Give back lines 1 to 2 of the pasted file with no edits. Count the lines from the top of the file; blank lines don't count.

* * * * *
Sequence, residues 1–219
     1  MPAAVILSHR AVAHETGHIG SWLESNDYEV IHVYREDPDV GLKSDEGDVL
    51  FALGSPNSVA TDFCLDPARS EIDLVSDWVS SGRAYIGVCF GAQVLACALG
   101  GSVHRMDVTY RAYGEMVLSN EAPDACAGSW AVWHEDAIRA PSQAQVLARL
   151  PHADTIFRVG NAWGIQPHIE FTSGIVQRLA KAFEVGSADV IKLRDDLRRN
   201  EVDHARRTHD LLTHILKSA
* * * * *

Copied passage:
Sequence, residues 1–219
     1  MPAAVILSHR AVAHETGHIG SWLESNDYEV IHVYREDPDV GLKSDEGDVL